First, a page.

Prawdopodobnie trzeciego  dnia obecności Węgrów w obejściu, w południe, kiedy żołnierze wyszli na posiłek, młodszy z braci Smolarzów próbował uciec w stronę Wolańskiego Lasu. Jeden z wartowników zastrzelił go w połowie drogi przez pola. Podejrzewając, że to partyzant, Węgrzy wszczęli alarm. “Wywlekli z domu […] mego Tatę trzymającego na rękach kilkumiesięcznego […] Wiesia”, napisał w relacji pan Kazimierz. “Klęczący zrozpaczony mój Ojciec zaczął tłumaczyć, że nie doszło do żadnej zasadzki, […] że zastrzelony to… jego młodszy brat Alfons!”. Celujący w niego Węgier uwierzył i odstąpił od zamiaru egzekucji.

At that time, other soldiers moved out of the neighbouring house of Józef Wyrzykowski, a relative of the Szmurło family. Kazimierz recorded the course of events, based on accounts by Zygmunt Wyrzykowski, Józef's sixteen-year-old son.

“(…) harvesters are cutting rye in our fields and he is guarding the cows, grazing in the forest and sheep from the homestead. At some point, he hears shots coming from the buildings. The harvesters drop their scythes and hide in the rows of rye sitting on the stubble. (…] When the shooting quietens a little, the frightened Zygmunt leaves the forest, pretending to be a harvester gathering the sheaves. (...) Suddenly, he hears the horrible whistle of a bullet. Paralysed, he can't even manage to hit the ground. . A second shot sounds hitting the sheaf of rye he held in his hands. He then notices that a soldier is standing one hundred metres away from him. He doesn't remember what happened later, when he opened his eyes and saw the soldier, closing in and pointing a rifle at him. He was so paralysed that he didn't even run away. And maybe that's what saved his life (…). The soldier came closer and indicated, with his hand, that he was to take the cows and chase them home. When he was running like that, the soldier, with his rifle at the ready, followed him the whole time. Somewhere, about halfway home, he sees several armed soldiers leading his father towards the forest. (…) Desperately, he cries out, "Daddy! Daddy!" His father was chalk-white, with tears running down his face. The soldiers with his father did not stop. They went further towards the forest. When he had brought the cows home, only then did the soldier leave him. At home, he told his mother what he had seen. In unspeakable despair, everyone listened as shots rang out. Fortunately, about half an hour later, dad returned home. The soldiers were convinced that there were really harvesters in the fields, not partisans, and that they had whetstones in their pockets, to sharpen the scythes, and not weapons!”.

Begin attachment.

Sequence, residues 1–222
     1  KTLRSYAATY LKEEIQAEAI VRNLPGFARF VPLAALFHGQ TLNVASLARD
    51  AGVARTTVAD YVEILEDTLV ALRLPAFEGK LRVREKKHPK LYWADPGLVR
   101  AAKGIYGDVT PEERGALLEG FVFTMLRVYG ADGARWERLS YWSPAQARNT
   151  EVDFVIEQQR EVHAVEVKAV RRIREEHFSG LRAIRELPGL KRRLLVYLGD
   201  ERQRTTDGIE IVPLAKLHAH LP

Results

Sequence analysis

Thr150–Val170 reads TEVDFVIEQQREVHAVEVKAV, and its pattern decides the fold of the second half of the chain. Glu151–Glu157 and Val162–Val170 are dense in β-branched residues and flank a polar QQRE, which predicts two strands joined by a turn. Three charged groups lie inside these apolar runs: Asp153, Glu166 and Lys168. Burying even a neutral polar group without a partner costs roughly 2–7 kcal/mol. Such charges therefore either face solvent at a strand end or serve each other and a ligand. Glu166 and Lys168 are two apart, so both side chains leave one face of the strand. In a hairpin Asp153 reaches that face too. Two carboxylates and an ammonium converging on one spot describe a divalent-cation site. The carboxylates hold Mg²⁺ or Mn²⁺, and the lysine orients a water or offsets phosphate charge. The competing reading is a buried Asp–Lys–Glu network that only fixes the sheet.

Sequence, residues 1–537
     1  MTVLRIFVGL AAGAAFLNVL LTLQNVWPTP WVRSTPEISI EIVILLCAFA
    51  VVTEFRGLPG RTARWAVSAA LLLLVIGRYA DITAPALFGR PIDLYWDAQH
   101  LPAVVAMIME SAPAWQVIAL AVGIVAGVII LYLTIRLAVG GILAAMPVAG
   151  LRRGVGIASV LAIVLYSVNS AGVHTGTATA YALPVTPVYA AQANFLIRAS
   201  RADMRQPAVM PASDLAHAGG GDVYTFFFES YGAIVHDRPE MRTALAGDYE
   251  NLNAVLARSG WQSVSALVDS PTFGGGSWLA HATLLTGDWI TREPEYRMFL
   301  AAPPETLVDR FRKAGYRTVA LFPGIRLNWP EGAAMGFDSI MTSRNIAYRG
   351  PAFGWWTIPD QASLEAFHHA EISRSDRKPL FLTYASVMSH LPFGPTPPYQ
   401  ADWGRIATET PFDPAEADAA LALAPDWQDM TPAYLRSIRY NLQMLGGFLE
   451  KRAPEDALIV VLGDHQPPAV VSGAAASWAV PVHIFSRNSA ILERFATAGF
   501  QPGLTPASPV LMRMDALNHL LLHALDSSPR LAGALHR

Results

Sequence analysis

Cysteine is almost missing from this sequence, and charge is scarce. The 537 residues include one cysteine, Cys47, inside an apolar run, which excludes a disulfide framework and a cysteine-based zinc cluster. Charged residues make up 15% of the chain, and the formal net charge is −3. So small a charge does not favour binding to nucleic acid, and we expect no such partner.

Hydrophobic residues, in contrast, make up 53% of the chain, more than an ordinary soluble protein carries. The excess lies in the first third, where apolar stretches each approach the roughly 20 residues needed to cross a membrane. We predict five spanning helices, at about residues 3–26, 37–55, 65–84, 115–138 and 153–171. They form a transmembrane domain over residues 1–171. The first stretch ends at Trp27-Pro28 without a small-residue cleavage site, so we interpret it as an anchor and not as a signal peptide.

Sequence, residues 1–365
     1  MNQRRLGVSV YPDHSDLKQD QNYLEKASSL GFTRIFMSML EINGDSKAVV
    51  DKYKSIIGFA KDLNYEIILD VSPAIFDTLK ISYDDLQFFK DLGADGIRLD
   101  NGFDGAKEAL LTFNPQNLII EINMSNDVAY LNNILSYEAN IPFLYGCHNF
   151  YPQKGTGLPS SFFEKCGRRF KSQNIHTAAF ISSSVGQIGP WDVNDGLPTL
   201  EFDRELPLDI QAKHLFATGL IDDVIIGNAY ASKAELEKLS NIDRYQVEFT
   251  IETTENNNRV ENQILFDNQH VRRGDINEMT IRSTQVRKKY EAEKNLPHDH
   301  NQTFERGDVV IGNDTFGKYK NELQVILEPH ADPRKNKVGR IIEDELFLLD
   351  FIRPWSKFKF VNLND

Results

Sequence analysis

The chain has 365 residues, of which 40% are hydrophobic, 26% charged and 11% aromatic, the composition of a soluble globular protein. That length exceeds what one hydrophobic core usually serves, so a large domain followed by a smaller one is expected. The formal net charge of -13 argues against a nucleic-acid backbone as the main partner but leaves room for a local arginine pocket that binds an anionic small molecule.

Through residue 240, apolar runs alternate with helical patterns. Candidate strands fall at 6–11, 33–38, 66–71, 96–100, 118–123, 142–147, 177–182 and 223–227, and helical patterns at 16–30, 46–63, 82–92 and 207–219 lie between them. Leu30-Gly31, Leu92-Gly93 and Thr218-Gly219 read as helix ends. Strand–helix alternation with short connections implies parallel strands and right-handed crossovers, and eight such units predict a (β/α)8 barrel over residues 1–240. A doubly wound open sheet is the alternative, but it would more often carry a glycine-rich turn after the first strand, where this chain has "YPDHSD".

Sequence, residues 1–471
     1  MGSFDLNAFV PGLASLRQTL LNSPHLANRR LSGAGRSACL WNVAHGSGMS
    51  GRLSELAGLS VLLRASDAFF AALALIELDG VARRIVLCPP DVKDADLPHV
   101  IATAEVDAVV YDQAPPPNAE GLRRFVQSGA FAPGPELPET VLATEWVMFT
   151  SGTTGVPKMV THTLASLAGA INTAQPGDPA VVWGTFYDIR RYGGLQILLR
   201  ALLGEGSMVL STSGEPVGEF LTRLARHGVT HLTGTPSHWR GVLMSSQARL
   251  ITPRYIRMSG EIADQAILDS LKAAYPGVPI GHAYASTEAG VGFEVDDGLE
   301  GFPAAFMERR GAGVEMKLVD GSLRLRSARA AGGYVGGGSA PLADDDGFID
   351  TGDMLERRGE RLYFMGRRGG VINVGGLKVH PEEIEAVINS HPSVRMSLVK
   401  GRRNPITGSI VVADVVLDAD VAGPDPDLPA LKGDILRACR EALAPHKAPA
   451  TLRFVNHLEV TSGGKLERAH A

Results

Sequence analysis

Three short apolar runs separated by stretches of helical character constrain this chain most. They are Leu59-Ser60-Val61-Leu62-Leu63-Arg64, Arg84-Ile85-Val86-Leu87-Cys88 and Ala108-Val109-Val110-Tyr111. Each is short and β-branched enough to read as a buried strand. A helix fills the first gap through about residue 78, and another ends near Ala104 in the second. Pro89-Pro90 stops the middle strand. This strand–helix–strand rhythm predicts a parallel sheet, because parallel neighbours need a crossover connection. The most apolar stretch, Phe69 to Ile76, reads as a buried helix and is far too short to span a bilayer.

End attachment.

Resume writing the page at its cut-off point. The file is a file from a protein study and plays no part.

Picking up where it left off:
The Hungarians left the following day. “Your lucky that it was us who were with you. If it had been the Germans, you'd be dead by now!”. The body of Mosze Smolarz's brother was buried in a grave near the forest, on the Biernaty Średnie village side.

After the War, Mosze Smolarz left for Israel. He established a family. He lived in Kiryat Bialik near Haifa. In the 1960's, he made mail contact with the Szmurło family.

On 21st February 1983, he wrote to Kazimierz, “I can assure you that I have never forgotten and always remember especially what your family did for me in those hard years of Nazi occupation of Poland. Thanks to the Szmurło brothers, I was alive and I can now write to you. Because they saved my life… You can be proud that you are a member of such a noble and good family. They did whatever they could in order to save my life and to also help others who were in my situation”.  

On 12th May 1986, Mosze Smolarz visited Płosodrza and met with the Szmurło family. He lived to be almost 95, dying in August 2006.

In 2014, Helena Szmurło, Kazimierz's grandmother, was posthumously honoured with the title of Righteous Among the Nations. Mosze Smolarz's sons, Adam Amnon Smolash and Isaac Sivan took part in the ceremony, as did his grandson Reem Smolash.

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Bibliography

  • Szmurło Kazimierz, Relacja dot. historii ukrywania Żydów przez rodzinę Szmurłów [maszynopis], 2015